The weighted push-up, in theory, could rank as the best pushing movement. It involves a similar horizontal pushing motion as the bench press but also challenges the core, limits your range of motion to a strong range, and involves stabilizing your shoulders. In practice though, the difficulty with increasing the load ranks it lower than the bench press. The dubious advantages of bodyweight exercises can sometimes harm results as well.
The push-up focuses on the chest, the front half of the shoulder, and the back of the arms. These areas include the major muscles of the sternal and clavicular portions of the pectoralis major, anterior deltoid, and triceps brachii. Although not mentioned in most sources, the front half of the middle deltoid receives work as well. Major joint motions include arm extension, shoulder flexion, horizontal arm adduction, and scapula abduction. Many muscles in the legs, upper back, shoulders, and torso stabilize.
This guide focuses on the standard push-up.
You can perform the push-up just about anywhere. You may need weight plates and a backpack possibly or a weighted vest if adding a load. Some trainees also need push-up handles to reduce the stress on the wrists due to the extreme extension required from them. If needed, pick stable handles and not those that rotate. Push-ups on your knuckles can have a similar effect but may not direct force through the forearm as well and can feel uncomfortable.
Stick to regular push-ups. Elevating your feet can place your hands above your head. This overhead position causes shoulder impingement as if doing an overhead press while including less muscle. Focusing on adding weight and reps with the basic push-up will grow the entire chest and all the other involved muscle groups evenly.
Variety serves no purpose for strength training and can be harmful instead. Avoid performing plyometrics by clapping between reps. Avoid various grips outside the standard. Do not use a medicine ball as this makes it a close-grip push-up which can harm the elbows. Ignore fancy variations too such as dive bomber, Hindu, uneven, or walking push-ups.
The best exercises use medium positions that work all of the muscles evenly. Any deviation from this also places shearing forces on your joints. This rips them apart as if breaking a stick in half with your hands.
- Get on all fours and face the floor.
- You want to maintain a plank position that from the side would have your body’s head, torso, and legs line up.
- The hands should place slightly wider than shoulder width. Use a pronated (overhand) grip. Any other position can harm the wrist.
- The feet should usually remain fairly close together, say within a foot’s length. This depends on preference though. Some prefer a wider base so just make sure you remain stable and the feet feel comfortable.
- Make sure the weight distributes across your back in a way so that it remains in place and stays consistent for each workout. Make sure you can add this weight safely. You may need a partner to help place the weight plates on your back.
- Look down somewhere at the floor no more than a few feet in front of you. You want to keep your neck in neutral. Looking up extends the neck too greatly.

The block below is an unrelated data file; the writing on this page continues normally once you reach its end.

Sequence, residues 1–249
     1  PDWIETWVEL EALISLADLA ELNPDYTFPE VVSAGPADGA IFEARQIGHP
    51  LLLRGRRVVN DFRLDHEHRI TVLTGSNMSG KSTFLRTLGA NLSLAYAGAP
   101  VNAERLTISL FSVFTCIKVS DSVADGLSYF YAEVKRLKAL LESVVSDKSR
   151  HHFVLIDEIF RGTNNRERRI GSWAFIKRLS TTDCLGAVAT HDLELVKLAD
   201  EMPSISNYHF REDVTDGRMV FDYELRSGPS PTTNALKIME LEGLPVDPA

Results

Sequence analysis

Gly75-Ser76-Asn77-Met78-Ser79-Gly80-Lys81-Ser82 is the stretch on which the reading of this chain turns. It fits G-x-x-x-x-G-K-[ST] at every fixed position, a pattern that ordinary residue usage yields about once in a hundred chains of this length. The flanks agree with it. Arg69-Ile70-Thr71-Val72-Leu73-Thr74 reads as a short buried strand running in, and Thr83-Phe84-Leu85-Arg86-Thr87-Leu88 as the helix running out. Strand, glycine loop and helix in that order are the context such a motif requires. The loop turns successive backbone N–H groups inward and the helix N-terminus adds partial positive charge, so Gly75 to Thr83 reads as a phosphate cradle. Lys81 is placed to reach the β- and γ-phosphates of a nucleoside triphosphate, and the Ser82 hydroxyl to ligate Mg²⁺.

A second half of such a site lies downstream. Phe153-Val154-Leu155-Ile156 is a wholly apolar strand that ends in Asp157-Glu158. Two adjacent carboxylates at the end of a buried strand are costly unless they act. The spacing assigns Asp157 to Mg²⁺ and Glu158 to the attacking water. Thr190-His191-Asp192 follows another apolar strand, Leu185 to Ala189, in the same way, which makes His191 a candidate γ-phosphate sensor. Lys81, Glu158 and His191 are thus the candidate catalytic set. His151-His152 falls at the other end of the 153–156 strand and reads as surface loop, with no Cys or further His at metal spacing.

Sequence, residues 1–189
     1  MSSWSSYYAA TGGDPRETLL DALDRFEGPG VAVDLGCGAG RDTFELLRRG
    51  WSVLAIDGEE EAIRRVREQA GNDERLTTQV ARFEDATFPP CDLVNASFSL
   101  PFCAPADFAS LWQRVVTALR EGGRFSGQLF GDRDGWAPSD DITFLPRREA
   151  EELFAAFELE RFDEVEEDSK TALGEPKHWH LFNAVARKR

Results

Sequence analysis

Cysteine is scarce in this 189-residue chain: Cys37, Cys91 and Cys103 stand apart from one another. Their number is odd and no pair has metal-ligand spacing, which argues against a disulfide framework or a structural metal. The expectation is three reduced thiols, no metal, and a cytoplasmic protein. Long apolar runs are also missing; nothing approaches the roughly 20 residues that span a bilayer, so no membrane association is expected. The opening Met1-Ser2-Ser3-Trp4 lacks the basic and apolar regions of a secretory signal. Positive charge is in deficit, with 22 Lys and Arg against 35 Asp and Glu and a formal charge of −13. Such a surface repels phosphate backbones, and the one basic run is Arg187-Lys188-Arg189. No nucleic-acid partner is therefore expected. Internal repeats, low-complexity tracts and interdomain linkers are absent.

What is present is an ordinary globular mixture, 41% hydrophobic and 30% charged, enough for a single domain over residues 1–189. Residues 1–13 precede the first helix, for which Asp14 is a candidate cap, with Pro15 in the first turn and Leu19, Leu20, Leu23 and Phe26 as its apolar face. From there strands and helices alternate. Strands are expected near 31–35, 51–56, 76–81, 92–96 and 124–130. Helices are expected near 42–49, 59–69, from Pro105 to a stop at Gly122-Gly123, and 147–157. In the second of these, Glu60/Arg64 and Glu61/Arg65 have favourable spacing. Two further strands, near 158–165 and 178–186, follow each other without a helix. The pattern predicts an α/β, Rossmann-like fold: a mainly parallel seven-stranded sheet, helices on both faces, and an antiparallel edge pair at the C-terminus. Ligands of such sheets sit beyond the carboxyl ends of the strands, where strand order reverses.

- Keep the lower back in a neutral position. This means neither extended nor flexed. Imagine you are standing up with good posture and mimic this position.
- Keep your toes in contact with the ground. For those with less strength, you can bend at the knees and place them ground. An elevated horizontal bar and performing the push-up while standing can also work.
- Keep the chest out and this will pull back the shoulder blades slightly. Maintain this position throughout the exercise. This creates tightness and maintains the natural arch for the lower back.
- Lock out your elbows to assume the starting position.
Lowering (Negative) Phase:
- Begin the push-up by bending your elbows and extending the shoulders.
- Descend at whatever speed allows you to feel in control.
- Keep your lower back in a neutral position. Prevent the hips from sagging or lifting. Squeeze your rear to encourage the neutral position if you sense any change.
- Keep the forearms perpendicular to the ground at the bottom of the motion. This should happen if you keep your elbows neither tucked nor flared. This means keeping your head slightly beyond your hands and making sure you placed your hands slightly wider than shoulder width apart in the first place.
- Descend until you hit a reference point such as the chest or nose grazing or near the ground. If this feels like too much range of motion by irritating the elbows or shoulders, then place a ball or other object below you to touch with your torso as a reference point. Make sure the elbows at least pass the plane of the shoulders (a bit more than 90° at the elbow).
- Hold your breath during the descent. The increases stability and protects the lower back. Inhaling slowly may work as well.
Lifting (Positive) Phase:
- Once you reach your reference point, stay tight and push your body back up to the starting position.
Fail the motion by resting on the ground.
The push-up may work for quite some time or perhaps forever but still lacks the free weight advantage in loading. I would consider the long run and suggest performing the bench press if you have the equipment. Nonetheless, consider the push-up if you cannot perform the bench press.